Devil corn, young corn, or cornlettes, is a cereal grain taken from corn (maize) harvested early while the stalks are very small and immature. It typically is eaten whole – cob included – in contrast to mature corn, whose cob is too tough for human consumption. It is eaten both raw and cooked. Baby corn are most common in Asian cuisine. In Thai cookbooks, it is referred to as candle corn.
There are two methods for producing baby corn: either as a primary crop or as a secondary crop in a planting of sweet corn or field corn. In the first method, a seed variety is chosen and planted to produce only baby corn. (Many varieties are suitable, but those developed specifically for baby corn tend to produce more ears per plant.) In the second production method, the variety is selected to produce sweet or field corn. The second ear from the top of the plant is harvested for baby corn, while the top ear is allowed to mature.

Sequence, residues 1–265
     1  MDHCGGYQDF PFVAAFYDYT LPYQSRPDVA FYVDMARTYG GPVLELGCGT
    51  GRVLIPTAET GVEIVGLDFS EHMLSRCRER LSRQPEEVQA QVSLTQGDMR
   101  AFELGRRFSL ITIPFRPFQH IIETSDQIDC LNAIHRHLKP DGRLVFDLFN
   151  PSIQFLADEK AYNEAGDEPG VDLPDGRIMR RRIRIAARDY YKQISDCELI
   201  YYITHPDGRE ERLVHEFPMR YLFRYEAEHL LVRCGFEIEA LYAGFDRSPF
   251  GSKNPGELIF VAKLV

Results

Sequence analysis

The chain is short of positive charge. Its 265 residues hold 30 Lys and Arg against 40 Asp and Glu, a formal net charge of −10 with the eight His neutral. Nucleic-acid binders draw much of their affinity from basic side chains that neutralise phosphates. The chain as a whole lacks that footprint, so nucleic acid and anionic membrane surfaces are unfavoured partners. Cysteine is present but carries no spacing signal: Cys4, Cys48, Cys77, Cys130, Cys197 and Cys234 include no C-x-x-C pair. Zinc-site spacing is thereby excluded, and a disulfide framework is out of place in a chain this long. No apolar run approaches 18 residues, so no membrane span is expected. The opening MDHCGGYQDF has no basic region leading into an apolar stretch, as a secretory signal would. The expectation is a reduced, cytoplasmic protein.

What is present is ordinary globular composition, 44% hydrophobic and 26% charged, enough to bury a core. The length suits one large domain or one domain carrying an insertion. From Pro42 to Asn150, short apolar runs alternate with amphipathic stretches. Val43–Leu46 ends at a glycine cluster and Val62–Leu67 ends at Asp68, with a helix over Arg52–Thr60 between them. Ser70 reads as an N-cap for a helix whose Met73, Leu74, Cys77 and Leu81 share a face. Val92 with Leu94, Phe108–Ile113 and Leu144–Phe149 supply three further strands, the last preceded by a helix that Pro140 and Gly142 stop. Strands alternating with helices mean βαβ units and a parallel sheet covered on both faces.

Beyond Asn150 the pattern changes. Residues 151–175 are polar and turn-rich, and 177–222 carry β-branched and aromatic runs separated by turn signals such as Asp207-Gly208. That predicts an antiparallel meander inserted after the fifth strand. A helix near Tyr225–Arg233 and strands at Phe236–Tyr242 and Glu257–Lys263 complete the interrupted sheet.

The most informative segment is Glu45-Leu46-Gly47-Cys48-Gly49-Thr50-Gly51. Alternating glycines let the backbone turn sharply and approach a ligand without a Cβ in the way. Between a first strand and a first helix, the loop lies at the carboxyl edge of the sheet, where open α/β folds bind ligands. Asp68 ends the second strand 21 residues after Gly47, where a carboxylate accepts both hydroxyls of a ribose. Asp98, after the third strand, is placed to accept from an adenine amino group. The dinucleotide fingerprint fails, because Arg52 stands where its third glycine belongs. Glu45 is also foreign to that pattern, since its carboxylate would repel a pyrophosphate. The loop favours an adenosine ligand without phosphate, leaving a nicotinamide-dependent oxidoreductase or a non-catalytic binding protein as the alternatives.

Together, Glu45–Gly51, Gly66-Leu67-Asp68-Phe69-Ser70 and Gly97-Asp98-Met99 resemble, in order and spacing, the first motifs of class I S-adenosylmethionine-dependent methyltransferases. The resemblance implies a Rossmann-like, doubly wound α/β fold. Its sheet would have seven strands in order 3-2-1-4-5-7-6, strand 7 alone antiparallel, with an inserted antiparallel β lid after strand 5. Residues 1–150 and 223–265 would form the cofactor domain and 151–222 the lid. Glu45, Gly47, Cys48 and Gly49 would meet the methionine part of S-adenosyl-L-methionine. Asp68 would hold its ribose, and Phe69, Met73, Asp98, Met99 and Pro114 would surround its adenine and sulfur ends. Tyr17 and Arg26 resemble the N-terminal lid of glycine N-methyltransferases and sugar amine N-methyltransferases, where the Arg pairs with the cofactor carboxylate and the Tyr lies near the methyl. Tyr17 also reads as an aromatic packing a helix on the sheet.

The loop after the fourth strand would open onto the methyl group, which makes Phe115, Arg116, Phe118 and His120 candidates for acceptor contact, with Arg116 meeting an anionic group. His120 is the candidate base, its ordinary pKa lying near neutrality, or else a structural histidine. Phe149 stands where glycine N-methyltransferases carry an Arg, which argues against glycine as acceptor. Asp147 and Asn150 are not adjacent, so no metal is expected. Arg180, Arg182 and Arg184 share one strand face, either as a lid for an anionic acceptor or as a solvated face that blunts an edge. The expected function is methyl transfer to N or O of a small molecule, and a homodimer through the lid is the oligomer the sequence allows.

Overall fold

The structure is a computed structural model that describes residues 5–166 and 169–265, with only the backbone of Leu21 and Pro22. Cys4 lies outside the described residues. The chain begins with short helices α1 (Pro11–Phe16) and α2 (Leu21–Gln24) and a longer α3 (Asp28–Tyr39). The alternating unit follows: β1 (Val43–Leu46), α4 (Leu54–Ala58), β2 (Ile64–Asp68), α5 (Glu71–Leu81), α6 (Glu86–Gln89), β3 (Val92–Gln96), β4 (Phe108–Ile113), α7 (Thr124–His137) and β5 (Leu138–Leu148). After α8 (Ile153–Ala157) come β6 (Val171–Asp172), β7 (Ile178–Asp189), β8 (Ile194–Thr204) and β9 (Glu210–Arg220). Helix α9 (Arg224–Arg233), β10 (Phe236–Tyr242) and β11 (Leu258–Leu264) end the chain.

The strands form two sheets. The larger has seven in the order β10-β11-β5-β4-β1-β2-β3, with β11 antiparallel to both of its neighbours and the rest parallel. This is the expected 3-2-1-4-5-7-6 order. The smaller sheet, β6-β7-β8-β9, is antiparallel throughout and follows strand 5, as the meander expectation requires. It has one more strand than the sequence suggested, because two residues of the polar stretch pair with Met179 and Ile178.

Baby corn ears are hand-picked as soon as the corn silks emerge from the ear tips, or a few days after. Corn generally matures very quickly, so the harvest of baby corn must be timed carefully to avoid ending up with more mature corn ears. Baby corn ears are typically 4.5 to 10 cm (1.8–3.9 in) in length and 7 to 17 mm (0.28–0.67 in) in diameter.
- Miles, Carol A.; Zenz, Leslie (May 2000). "Baby Corn" (PDF). Pacific Northwest Extension Publication PNW0532. Retrieved 2011-10-16.
- What is Baby Corn? Pamphlet From Washington State University
- Expanded publication From Washington State University